Last, but not least, the proposals around extension of agreements will undermine collective bargaining. First is gives employers, particularly small employers, the incentive to opt out of collective bargaining. In terms of the proposal it would take one maverick employer to claim that he/she has not been consulted for the Minister to refuse to extend collective agreements. This actually flies in the face of studies conducted by the Department of Labour which indicate that 80% of exemptions are granted, especially to small employers. Without strong collective bargaining, the process will translate into `collective begging`.

It is for these reasons that we say that the labour law amendments represent a political crisis for the tripartite alliance. Only a political solution can rescue the situation from descending into a catastrophe. Failure to resolve the matter may actual demand that we think about action to realise our objectives. It is my sincere hope that we find a political solution to this crisis. Further if the alliance does not resolve this matter, workers will raise legitimate concerns about whose interests does the current government serve? We must succeed in our quest to stop these amendments since these amendments are indefensible politically and morally. Nonetheless, we must call on municipal workers to be prepared to use every means in our power to stop the amendments from going through, particularly those that will have a detrimental effect on our constituency.

Side by side with these attacks on workers in respect of labour law is the massive privatisation of key national resources that must help improve lives of South Africans.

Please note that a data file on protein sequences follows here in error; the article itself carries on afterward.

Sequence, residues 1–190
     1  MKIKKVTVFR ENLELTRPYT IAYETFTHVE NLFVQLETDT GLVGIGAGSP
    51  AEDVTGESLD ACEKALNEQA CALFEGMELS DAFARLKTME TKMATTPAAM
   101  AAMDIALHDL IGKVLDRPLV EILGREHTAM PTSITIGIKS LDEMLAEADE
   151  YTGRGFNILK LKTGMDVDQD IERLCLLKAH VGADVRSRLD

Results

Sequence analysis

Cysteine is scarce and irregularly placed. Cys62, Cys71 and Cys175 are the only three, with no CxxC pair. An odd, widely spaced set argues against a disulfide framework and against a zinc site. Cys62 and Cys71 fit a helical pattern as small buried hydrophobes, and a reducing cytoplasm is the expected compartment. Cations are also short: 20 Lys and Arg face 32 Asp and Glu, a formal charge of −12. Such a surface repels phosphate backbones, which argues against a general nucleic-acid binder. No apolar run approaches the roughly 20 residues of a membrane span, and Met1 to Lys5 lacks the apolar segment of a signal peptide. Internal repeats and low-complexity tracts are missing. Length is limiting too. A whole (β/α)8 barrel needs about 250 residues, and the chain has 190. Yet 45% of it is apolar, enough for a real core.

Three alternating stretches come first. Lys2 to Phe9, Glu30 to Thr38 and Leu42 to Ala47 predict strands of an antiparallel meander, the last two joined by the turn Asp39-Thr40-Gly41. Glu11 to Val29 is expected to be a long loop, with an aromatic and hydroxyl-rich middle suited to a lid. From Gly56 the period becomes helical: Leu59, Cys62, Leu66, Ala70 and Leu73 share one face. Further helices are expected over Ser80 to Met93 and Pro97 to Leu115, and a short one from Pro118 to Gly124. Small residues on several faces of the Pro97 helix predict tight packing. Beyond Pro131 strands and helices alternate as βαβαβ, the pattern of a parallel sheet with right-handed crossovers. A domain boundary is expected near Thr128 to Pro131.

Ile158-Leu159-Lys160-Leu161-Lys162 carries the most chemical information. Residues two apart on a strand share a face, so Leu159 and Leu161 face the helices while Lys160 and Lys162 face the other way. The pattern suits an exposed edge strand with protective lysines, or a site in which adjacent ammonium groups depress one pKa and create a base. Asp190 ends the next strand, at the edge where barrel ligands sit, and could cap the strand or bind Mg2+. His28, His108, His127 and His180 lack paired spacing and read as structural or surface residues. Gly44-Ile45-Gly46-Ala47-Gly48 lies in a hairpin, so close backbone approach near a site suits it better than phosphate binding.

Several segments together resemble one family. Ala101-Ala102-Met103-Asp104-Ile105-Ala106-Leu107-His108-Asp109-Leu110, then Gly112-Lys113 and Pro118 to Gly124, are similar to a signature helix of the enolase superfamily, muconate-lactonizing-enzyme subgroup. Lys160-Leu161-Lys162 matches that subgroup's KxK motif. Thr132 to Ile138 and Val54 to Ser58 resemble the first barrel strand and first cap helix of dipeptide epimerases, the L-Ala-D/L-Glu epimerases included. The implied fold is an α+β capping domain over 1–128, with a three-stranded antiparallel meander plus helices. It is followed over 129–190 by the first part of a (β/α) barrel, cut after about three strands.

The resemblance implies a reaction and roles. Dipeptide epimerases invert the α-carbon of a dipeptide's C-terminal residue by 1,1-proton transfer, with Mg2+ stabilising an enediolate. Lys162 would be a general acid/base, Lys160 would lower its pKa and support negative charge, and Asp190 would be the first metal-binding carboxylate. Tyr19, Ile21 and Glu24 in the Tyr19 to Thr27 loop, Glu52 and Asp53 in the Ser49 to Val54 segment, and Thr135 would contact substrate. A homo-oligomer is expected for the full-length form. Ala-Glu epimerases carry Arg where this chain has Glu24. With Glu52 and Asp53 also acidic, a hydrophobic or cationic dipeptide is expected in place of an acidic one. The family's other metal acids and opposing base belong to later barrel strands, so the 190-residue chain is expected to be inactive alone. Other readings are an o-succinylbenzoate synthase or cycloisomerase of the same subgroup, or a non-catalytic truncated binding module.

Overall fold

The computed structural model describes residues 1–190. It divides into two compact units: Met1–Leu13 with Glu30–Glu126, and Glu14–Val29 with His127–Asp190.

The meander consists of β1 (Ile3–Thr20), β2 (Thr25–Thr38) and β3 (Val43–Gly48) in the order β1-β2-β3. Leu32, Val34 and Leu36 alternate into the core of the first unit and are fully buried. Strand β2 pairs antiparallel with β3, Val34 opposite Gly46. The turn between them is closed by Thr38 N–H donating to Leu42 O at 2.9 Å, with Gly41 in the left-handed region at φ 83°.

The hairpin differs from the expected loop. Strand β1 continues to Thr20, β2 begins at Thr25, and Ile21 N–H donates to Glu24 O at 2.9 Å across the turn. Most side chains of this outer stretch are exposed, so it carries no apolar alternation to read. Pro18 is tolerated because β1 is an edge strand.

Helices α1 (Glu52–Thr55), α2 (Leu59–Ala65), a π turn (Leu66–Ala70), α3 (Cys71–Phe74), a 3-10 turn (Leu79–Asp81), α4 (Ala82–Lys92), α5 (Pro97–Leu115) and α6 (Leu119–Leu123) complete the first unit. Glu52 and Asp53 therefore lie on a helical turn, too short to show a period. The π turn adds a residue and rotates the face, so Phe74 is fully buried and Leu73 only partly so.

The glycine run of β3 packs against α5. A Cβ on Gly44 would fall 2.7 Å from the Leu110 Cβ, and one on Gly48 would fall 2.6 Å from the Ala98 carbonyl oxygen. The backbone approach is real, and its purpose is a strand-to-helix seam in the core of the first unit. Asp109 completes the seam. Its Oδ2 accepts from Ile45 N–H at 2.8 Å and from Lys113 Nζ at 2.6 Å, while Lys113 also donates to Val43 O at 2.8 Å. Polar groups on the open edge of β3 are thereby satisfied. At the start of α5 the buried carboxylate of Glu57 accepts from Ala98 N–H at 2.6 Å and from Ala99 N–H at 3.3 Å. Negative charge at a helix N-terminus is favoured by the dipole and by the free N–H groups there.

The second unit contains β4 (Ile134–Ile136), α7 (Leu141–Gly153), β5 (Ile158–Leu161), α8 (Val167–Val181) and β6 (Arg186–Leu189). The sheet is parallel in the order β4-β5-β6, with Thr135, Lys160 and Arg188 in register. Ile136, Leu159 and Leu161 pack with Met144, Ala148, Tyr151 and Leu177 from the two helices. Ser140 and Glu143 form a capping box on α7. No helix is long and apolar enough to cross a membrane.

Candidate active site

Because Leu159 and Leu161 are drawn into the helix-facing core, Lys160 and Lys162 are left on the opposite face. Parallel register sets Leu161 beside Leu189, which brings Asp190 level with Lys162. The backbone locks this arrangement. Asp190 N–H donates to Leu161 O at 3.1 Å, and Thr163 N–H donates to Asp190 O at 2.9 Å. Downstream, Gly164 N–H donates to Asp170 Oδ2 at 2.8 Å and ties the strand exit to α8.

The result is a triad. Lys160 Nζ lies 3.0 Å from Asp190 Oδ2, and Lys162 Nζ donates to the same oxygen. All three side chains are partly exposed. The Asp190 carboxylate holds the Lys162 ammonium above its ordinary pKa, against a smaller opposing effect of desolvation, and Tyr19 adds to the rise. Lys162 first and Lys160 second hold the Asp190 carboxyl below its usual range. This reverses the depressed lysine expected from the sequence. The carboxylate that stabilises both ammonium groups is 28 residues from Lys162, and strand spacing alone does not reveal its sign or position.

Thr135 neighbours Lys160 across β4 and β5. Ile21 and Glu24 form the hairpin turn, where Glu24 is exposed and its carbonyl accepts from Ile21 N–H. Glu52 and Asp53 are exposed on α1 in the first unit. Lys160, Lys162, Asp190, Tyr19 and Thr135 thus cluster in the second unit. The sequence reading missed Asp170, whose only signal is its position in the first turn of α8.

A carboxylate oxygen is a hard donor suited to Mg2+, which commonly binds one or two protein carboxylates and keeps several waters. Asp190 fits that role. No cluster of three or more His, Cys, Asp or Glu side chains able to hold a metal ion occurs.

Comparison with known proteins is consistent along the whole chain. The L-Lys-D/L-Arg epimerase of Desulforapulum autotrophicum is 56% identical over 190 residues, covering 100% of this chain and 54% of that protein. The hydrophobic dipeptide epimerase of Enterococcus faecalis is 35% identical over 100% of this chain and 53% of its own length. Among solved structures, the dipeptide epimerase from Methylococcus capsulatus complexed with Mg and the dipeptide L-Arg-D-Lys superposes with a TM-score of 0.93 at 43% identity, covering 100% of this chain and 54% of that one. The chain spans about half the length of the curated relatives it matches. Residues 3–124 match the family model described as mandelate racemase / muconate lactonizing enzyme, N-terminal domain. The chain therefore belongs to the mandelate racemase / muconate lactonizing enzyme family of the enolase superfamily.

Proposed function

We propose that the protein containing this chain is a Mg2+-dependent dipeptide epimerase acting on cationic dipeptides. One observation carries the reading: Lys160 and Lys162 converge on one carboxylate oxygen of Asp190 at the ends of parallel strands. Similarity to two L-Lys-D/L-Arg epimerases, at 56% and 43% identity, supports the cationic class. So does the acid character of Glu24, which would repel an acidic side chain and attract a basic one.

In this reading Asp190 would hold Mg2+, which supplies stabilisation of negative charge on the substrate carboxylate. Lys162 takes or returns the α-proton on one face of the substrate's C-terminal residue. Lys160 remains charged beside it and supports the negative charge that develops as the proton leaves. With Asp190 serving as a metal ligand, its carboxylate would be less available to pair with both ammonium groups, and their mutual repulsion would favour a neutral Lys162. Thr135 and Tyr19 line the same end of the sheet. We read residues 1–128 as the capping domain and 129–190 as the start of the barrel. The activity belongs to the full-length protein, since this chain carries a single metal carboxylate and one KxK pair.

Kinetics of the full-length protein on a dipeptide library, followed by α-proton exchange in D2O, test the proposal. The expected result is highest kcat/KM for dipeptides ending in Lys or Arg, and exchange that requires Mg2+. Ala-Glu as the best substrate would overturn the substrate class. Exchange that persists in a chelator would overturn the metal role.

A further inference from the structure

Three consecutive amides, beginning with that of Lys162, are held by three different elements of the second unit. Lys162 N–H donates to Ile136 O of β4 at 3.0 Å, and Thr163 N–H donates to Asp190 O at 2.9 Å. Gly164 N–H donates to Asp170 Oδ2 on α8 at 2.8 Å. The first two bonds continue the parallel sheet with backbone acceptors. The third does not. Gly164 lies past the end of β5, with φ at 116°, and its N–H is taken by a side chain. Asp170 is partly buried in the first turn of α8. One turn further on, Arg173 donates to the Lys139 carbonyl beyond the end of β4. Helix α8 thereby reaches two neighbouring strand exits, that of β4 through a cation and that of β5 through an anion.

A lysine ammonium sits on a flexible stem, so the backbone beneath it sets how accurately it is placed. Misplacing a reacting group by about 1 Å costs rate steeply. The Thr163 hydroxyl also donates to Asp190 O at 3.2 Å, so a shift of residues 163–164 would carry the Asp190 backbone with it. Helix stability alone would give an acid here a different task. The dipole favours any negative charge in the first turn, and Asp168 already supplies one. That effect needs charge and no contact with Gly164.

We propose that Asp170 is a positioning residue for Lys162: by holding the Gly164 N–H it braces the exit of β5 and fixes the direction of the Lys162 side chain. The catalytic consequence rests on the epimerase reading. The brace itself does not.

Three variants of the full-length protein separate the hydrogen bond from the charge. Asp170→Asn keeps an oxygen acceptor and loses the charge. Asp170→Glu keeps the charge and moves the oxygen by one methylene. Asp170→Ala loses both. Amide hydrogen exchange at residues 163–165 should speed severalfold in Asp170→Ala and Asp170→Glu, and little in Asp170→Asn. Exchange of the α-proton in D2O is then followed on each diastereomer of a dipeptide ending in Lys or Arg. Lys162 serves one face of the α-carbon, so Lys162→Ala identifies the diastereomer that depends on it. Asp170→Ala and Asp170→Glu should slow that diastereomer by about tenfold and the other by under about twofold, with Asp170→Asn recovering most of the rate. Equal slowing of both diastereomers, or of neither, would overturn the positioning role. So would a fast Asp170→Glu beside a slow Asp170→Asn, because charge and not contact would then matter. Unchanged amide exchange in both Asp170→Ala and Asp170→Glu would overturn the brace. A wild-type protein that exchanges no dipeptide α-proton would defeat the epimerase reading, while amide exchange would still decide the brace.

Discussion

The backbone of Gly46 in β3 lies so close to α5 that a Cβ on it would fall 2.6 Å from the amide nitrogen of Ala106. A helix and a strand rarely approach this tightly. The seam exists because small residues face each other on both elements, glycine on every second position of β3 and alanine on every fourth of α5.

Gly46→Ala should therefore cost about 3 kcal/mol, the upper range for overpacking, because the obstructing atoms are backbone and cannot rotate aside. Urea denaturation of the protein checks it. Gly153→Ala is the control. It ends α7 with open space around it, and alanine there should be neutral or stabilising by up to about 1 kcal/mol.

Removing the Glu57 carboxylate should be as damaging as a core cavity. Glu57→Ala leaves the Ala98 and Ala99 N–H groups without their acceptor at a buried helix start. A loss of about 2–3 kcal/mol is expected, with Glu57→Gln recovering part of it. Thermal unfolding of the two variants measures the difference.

Resources that must ensure affordable access to communication, electricity and transport. Privatisation of resources that must ensure a better life for people of South Africa; Privatisation of resources that must ensure long-term and lasting employment of the multitudes of our people. Privatisation of our resources led by Egoli 2002.

These moves by the state directed at rolling back our gains in respect of labour legislation and further ensuring massive privatisation, is not what workers or South Africa, led by Municipal workers fought for from January to the 10th of May.

We, through that struggle fought for the betterment of the legislation we already have, protection of jobs that are in existence and the creation of more jobs. That was a very successful action. To that end we must thank Municipal worker for their support in that action.

I thought it is important to dwell on these issues before I launch into the topic: "international working class fight against globalisation and neo-liberalisation". These local struggles should be understood within the broader international struggles against neo-liberalism. Neo-liberalism is in essence anti-workers` rights for it seeks flexible and dual labour market and a docile labour movement. Therefore by opposing these changes we are at the same time directly challenging neo-liberalism. Therefore local struggles are as important as international struggles. In fact, they are a precondition to international battles because we cannot win on the international terrain what we failed to achieve at a national level.

It is important that we understand globalisation in order to fashion proper strategies. Globalisation (the integration of the world economies) is not a new phase of capitalism - despite the fact that this has become the buzzword. It is not a condition or a phenomenon: it is a process that been going on for a long time, in fact ever since capitalism came into the world. Capitalist development naturally creates conditions for the expansion of the market through its natural laws of development and through forcible violent subjugation of nations. The current process is however, distinct from earlier phases of capitalist expansion. It is linked to three most important underlying trends in the recent history of capitalism, the period beginning with the recession of 1974-75: (1) the slowing down of the overall rate of growth, (2) the worldwide proliferation of monopolistic multinational corporations, and (3) what may be called the financialisation of the capital accumulation process. The latter means the mass production of capital most of which is diverted to non-productive speculative activities. This has of course been a period of quickening globalisation, spurred on by the improved means of communication and transportation.